While clinical milk fever is generally easy to identify and can be treated it is very much the tip of the iceberg as signiﬁ cant losses arise from the sub-clinical form.
At the tip of the iceberg it is estimated that 5-7% of cows are affected by clinical milk fever, below the water, a far higher proportion are likely to be suffering sub-clinical milk fever which is more difﬁcult to identify and economically more damaging.
Milk fever is caused by the increased demand for calcium at calving resulting from the onset of milk production. The result can be a rapid decline in blood calcium levels. If levels cannot be maintained, either from the diet or the mobilisation of calcium stored in the bone, milk fever results.
Typically up to 50% of third lactation + cows will have a degree of clinical or sub-clinical hypocalcaemia. Incidence rate of clinical cases will vary from 1% to up to 80%. This is an expensive disease if production loss, increased culling, delayed conception and other disease factors are taken into account. Our own studies indicate a cost of £450 for a clinical case of Milk fever and £74 per subclinical case. Clinical cases may result in the loss of the animal in extreme situations or complete recovery in mild cases.
At a 20% incidence rate a typical 200 cow UK herd could be losing around £18,000 per year alone from milk fever, so effective prevention strategies should be a priority.
Prevention starts with good basic management and reducing stress in dry cows. Avoiding overcrowding, reducing unnecessary changes in groupings and ensuring sufﬁ cient trough space will all help.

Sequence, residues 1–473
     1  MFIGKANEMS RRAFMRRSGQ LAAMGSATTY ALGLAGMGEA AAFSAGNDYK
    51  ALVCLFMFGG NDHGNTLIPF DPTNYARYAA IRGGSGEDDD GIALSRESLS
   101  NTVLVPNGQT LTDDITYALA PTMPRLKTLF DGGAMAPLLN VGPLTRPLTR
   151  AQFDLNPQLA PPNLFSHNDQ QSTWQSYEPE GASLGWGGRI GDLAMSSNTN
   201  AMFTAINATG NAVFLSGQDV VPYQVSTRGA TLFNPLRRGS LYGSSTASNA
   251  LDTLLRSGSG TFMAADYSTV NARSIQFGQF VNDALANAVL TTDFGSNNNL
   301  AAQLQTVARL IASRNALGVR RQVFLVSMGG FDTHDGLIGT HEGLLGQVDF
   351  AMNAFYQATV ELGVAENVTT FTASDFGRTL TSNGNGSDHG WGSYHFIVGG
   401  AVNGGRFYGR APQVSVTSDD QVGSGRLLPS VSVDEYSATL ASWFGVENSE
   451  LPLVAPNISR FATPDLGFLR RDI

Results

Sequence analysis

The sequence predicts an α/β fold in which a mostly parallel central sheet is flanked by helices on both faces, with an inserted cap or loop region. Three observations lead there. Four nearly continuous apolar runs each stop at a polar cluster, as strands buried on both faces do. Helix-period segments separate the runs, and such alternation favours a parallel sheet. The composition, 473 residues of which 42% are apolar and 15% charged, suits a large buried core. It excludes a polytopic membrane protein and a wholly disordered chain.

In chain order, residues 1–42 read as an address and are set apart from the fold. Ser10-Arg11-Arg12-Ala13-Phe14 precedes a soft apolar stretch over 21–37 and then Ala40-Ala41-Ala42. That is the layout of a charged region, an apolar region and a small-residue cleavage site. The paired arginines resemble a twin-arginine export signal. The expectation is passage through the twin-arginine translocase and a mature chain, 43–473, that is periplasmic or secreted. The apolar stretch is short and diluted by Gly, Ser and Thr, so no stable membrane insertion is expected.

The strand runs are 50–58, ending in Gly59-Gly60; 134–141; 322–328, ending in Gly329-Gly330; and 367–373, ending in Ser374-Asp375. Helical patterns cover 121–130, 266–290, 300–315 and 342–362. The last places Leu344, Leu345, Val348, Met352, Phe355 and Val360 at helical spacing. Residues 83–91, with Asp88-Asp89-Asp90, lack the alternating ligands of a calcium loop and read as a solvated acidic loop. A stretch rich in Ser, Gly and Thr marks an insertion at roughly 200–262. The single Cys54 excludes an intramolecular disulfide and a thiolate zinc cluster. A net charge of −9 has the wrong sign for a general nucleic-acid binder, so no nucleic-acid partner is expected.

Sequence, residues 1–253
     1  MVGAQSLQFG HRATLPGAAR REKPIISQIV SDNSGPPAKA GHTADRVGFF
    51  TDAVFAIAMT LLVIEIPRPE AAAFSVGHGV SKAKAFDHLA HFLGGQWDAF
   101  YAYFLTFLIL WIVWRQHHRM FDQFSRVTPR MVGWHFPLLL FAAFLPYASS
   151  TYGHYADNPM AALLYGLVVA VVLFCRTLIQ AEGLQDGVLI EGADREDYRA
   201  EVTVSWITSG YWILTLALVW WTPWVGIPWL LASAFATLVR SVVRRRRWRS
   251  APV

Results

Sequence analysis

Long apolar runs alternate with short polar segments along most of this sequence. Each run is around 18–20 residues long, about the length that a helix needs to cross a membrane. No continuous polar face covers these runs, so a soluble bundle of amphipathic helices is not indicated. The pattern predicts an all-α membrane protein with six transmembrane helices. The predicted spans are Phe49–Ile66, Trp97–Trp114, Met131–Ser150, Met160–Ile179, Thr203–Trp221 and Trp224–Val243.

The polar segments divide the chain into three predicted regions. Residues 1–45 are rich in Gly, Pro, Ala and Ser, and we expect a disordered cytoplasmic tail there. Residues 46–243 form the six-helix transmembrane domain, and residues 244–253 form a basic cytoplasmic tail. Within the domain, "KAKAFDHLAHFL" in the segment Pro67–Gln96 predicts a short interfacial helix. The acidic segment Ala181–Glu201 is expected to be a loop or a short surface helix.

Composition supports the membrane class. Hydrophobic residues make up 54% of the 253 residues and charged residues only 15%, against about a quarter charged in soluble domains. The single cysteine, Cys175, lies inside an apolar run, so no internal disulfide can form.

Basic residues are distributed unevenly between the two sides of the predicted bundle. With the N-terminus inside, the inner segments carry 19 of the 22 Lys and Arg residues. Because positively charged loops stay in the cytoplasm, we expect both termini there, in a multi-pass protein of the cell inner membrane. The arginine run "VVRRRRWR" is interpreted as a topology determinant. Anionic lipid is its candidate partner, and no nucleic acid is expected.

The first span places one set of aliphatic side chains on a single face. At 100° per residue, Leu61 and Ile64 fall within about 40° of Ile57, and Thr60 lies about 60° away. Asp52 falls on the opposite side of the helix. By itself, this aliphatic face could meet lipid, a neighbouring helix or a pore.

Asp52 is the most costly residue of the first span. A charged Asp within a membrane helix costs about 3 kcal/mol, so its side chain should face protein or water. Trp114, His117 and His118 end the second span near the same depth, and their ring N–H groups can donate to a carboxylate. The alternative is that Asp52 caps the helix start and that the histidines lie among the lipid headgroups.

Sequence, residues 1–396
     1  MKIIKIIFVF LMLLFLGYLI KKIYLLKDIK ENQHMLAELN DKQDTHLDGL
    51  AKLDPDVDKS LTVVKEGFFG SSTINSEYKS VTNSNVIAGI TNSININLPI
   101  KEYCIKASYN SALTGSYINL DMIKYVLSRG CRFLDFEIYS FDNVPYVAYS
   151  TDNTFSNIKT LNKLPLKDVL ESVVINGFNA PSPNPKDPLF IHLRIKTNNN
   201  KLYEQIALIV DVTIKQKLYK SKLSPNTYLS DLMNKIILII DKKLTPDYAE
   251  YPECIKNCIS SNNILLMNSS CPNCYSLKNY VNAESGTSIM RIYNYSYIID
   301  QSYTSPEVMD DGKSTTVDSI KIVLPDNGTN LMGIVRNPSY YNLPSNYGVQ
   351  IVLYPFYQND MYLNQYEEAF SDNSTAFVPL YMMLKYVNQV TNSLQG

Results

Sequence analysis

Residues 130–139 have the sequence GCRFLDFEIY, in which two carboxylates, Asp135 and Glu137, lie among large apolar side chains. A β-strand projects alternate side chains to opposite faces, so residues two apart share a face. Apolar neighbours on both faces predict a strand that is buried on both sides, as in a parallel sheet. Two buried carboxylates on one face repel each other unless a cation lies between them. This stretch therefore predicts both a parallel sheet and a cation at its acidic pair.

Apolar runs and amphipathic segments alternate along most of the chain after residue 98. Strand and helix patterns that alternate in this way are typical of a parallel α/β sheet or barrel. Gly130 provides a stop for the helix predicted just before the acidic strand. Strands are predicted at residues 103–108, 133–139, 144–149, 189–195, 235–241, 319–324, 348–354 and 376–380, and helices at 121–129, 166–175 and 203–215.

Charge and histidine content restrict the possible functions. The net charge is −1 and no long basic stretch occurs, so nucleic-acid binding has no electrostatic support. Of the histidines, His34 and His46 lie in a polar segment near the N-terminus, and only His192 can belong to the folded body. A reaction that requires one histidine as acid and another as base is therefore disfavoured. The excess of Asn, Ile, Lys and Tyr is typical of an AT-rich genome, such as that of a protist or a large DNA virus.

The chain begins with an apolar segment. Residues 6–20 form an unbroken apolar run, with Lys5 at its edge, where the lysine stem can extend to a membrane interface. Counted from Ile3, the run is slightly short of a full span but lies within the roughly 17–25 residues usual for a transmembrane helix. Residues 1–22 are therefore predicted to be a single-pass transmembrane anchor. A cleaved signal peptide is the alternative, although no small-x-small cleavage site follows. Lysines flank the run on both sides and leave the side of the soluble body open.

Avoid high calcium feeds
The diet is key. Get this right and the incidence of both clinical and sub- clinical milk fever can be reduced. Feed only good quality forages free of moulds and mycotoxins and avoid high calcium feeds like grass silage, beet pulp and lucerne, especially in the last three weeks before calving. Ration guidelines to help reduce the incidence of milk fever include:
- 12-14kgDM intake.
- 50% NDF.
- 125MJ fed (adjusted for breed / weight of cow) three weeks pre calving – if one dry group target 120MJ through the whole dry period.
- Feed high quality protein sources to deliver 1200g of Metabolisable Protein.
Milk fever is largely preventable with good controls in place, but there is also a wide range of solutions available to ‘solve’ the problem of calcium metabolism.
These include approaches such as oral drenching with easily absorbed calcium immediately post calving. Then there are full and partial DCAB diets as well as speciﬁc low potassium and low calcium diets which all inﬂ uences the metabolic balance in the cow. Some are easy and quick to implement, others less so.
With such an enormous range of commercial products designed to help it is very easy to get confused when choosing a solution. Independent advice will steer you towards the optimal solution by assessing the incidence and history of milk fever together with proper analysis of the environment and feedstuffs can the best solution be determined. Our consultants are well-placed to provide an impartial assessment of the most effective way to reduce the losses from clinical and sub-clinical milk fever in your herd.